Letter from Cesar Chavez to Tom Mouradick

worker with crates.JPG

A farm worker stacks crates of harvested grapes at unidentified location.

Courtesy of the Walter P. Reuther Library, Archives of Labor and Urban Affairs, Wayne State University

With the strike/boycott against lettuce growers in California stretching into its third year in 1973, both growers and UFW officials showed little sign of complete surrender. Negotiations were ongoing, but struggles with the Teamsters Union also continued to plague the UFW. This was evidenced by the new effort by Teamsters to sign grape growers in 1973. With the UFW’s contracts with growers in Delano set to expire that summer, the Teamsters began an aggressive campaign to win contracts with the growers, a move that proved greatly successful.

The UFW renewed its grape strike to accompany its lettuce strike, and the union itself won a victory later that year when the National Conference of Catholic Bishops finally endorsed the UFW’s dual strike, a move that elated Chavez and angered the Teamsters.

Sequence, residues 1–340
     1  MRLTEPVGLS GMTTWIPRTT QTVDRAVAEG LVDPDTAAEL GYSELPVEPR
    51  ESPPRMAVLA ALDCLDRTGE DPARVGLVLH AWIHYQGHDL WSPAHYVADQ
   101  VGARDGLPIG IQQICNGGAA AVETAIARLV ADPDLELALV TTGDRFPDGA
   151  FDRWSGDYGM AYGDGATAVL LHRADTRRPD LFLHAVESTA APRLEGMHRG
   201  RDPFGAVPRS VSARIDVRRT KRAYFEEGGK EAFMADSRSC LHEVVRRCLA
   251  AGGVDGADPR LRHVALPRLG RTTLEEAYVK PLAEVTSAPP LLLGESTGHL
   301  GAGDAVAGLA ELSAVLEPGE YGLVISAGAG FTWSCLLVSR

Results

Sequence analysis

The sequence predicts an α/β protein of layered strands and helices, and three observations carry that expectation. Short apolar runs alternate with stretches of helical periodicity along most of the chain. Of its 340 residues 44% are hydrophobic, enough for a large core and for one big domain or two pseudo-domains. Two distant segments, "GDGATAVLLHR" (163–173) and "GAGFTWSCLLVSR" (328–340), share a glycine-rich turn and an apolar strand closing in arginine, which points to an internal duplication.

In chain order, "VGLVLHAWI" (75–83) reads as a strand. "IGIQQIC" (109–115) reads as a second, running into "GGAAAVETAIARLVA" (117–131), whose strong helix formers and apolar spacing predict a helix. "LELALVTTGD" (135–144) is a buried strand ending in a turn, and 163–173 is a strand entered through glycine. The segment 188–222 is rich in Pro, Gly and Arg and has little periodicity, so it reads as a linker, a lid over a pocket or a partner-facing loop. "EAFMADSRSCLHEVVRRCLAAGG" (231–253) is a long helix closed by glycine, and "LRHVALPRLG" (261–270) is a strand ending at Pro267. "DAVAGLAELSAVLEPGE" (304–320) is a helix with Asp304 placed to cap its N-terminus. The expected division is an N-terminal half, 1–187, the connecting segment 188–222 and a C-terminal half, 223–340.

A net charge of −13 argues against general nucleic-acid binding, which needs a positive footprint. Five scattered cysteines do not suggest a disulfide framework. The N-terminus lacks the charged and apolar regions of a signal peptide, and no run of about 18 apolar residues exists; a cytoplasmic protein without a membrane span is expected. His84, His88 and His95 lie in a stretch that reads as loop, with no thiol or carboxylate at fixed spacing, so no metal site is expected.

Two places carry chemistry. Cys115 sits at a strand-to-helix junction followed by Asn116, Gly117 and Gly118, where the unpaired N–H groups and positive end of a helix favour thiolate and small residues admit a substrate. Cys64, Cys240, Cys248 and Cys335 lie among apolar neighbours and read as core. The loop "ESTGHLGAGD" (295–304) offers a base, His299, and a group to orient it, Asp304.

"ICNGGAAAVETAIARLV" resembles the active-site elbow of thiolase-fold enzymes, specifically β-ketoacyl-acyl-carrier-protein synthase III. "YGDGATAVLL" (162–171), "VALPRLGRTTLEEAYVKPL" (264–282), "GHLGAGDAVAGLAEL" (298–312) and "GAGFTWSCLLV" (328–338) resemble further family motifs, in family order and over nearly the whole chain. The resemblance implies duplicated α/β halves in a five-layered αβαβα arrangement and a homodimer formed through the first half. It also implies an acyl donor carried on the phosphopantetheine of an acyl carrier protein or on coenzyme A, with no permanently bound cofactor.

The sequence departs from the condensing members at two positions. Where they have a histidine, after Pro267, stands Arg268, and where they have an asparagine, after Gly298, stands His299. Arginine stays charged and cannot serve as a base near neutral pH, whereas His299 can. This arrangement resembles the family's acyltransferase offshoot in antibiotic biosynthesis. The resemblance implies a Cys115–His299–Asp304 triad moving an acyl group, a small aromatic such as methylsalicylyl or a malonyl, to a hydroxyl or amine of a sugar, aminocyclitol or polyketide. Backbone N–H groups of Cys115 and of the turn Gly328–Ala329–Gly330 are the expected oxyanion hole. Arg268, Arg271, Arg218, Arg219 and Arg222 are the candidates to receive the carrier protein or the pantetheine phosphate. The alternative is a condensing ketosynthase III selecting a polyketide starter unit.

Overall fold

To show that they were not yet willing to give up all the grape growers, Chavez sent a letter to a number of growers in the Coachella Valley seeking union elections. This letter sent to Cy Mouradick and Sons, Inc. from Chavez shows the union president demanding that the company allow the workers to vote on whether they wanted to unionize, and if so, which union they wanted to represent them. “We pledge to abide by their results provided they are held under mutually agreed procedures that will guarantee their fairness,” Chavez wrote. At the heart of the movement, it seems, was a desire to simply let the workers have a voice in negotiating for their livelihoods.


Letter from Chavez to Mouradick
Courtesy of ACUA



1. What is the tone of this letter?

2. Why would Chavez stand by election results that may not go in his favor?